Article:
A lot of us struggle to work-out where we see ourselves career-wise. It’s a normal struggle, especially early on in your career. With my experience, I can at least shed some light on sales as an option. However, I must add that I’ve only ever worked in sales and am highly biased towards it. So, from what I’ve learnt across two global multi billion-dollar companies and two different regions, sales is one of the best industries to get involved in – here’s why.
Finding your feet:
The word “sales” is all too often associated with feelings of manipulation and pressuring. We’ve all been there, on the receiving end of some awful sales pitch. Now most of us pre-judge sales as a career choice and would never consider going into such a field. But it’s up there as one of the highest paying careers world-wide with added commission benefits that offer you the chance to push salaries very high. It’s a work hard and reap the rewards culture.
Like many others, I accidentally fell into this bracket of early 20-something graduates who have the ability to go places but are unsure of how to get to that place. It’s not a bad thing by all means, in fact, keeping your options open and being careful before making important decisions is the best way to progress.
It’s not selling
There’s a number of things we have to distinguish first of all. Sales is not about exploiting people for our own benefit or promoting products that we know won’t fit our client’s expectations or real requirements. It’s not about tele-marketing and making crazy amounts of phone-calls or cold-calling people who don’t want to be called.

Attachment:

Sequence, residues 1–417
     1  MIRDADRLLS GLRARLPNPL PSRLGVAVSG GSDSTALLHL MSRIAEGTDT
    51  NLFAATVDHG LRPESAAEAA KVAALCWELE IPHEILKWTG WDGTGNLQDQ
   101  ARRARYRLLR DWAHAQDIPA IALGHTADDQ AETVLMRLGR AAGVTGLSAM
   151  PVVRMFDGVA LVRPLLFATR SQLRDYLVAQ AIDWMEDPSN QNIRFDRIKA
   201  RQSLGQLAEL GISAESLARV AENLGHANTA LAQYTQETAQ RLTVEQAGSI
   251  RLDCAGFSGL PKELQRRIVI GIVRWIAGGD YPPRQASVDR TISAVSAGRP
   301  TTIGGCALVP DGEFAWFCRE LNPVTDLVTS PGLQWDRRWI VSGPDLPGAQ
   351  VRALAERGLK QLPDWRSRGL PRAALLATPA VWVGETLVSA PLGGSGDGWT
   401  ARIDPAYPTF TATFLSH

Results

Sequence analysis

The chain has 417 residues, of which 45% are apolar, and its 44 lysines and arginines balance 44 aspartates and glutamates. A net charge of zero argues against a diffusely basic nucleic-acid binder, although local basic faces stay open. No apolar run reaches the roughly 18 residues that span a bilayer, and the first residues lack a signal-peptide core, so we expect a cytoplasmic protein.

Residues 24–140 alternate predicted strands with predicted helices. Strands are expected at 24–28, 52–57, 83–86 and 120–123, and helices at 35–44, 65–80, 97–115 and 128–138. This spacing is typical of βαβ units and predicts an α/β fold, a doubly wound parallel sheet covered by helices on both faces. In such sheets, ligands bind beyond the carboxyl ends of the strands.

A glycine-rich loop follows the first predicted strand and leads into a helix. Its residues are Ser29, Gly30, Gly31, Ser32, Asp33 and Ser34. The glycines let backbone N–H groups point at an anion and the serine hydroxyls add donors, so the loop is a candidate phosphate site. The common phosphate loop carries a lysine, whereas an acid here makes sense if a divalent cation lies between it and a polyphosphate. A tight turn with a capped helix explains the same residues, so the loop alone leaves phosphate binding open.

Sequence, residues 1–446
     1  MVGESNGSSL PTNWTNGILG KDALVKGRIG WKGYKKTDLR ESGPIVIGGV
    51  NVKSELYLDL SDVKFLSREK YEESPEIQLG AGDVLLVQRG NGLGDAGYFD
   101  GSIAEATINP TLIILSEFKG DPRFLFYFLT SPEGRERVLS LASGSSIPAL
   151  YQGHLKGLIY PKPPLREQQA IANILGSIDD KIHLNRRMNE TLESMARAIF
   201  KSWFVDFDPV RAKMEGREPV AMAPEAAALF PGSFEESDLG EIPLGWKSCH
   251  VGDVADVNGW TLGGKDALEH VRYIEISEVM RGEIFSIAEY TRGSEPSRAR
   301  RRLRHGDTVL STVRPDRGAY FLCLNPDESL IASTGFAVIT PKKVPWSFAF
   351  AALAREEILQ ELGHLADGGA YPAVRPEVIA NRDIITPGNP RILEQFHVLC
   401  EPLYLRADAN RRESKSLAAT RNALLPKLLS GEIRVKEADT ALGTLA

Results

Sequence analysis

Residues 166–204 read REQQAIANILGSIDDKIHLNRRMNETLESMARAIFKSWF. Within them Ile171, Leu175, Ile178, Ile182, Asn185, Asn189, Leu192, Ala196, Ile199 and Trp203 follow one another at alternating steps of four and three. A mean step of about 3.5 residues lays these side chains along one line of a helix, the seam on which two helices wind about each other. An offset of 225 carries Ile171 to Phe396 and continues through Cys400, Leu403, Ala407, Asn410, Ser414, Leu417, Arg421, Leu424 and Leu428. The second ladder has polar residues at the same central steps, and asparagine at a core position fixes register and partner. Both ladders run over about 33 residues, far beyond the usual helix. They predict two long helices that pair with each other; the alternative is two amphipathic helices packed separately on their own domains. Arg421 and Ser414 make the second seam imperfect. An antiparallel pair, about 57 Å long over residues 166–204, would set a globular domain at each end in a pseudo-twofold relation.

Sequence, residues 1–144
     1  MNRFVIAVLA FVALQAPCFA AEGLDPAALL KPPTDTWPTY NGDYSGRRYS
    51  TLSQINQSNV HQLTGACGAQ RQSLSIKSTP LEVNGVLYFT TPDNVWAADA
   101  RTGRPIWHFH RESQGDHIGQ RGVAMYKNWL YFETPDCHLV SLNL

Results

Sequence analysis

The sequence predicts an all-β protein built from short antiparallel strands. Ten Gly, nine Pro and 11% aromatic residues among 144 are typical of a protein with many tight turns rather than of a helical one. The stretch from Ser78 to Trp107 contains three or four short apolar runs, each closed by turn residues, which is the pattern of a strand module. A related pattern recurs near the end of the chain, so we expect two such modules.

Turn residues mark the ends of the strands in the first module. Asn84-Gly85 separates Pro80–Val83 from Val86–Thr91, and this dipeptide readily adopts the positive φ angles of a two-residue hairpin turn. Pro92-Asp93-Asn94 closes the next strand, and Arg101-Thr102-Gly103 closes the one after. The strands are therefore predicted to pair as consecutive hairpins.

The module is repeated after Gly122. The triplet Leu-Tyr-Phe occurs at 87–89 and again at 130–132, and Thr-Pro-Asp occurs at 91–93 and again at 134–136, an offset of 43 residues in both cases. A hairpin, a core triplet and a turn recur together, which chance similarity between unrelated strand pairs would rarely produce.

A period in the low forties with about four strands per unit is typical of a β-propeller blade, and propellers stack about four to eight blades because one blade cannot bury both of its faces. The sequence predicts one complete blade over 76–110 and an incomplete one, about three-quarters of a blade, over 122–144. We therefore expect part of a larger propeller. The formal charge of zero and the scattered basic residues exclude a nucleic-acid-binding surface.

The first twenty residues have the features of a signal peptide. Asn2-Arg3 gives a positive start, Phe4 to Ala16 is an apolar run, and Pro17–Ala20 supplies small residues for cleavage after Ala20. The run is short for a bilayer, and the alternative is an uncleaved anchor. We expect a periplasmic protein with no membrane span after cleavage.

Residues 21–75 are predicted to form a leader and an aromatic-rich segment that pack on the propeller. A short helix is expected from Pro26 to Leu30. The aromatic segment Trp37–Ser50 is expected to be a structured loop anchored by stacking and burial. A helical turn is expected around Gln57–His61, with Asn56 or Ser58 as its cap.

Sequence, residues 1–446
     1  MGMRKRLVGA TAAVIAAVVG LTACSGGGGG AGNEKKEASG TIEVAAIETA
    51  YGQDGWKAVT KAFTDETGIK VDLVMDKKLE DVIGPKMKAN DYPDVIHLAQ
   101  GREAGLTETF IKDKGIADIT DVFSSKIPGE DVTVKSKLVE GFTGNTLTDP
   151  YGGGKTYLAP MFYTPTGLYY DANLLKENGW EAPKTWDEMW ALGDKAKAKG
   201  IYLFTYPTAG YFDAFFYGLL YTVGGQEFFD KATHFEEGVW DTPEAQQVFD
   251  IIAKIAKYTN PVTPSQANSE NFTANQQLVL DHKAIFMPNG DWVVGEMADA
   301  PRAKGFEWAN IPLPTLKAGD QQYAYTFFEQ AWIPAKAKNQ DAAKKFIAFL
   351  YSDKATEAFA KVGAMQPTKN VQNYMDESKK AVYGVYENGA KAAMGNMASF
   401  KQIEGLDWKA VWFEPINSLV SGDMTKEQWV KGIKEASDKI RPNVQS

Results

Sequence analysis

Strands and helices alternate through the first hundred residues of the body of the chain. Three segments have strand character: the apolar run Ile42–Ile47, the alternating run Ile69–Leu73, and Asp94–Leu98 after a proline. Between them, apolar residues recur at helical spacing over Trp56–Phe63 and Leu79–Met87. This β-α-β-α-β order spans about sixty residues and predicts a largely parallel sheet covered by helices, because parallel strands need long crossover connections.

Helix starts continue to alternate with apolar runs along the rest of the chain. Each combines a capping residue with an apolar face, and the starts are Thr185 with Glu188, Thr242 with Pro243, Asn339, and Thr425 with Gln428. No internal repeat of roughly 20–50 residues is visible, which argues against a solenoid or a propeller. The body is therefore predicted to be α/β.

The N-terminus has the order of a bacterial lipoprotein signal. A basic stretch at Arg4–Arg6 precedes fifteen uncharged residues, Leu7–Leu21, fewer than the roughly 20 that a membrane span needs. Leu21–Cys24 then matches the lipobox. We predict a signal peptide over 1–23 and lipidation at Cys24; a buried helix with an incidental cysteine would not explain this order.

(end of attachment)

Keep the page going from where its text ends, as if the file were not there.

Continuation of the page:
In reality, the key to good salesmanship is a dissociation between yourself and “selling”. Get as far away as possible from calling yourself a salesman. It’s a dirty-word and many agree on this. Unlike so many other articles on sales where you will find a nice picture of smiling, innocent-looking employees with never-used headsets on, I will focus on the real-side of successful sales.
When I question my friends on why they haven’t considered sales, they often lean towards, “I am so bad on the phone” … or “I hate making phone calls, it’s not for me”. To tackle this, let’s get away from “selling”. People do not like to be sold to – fact. Ever had that bloke called Steve on the phone or in the streets woefully trying to make eye contact with you? Remember how painful it was to listen to that horrendously scripted pitch to the point of near-vomit? Yep, that’s the bad side of sales. The one that wants your money, your contact details and nothing else.
In fact, good sales is the ability to match your client conversations to your own personality. Because when you are natural over the phone, you suddenly appear genuine and trust-worthy, which is essential with a capital E. All good sales book will defend the point that “people don’t like to be sold to … but they do like to buy things” … The sooner you stop saying you’re a salesman and tailor your methods around that of a “consultant” or a problem-solver, the earlier your numbers will fly in. You look at solutions before numbers and margins.
“Get as far away as possible from calling yourself a salesman. It’s a dirty-word and many agree on this”
The art of consulting: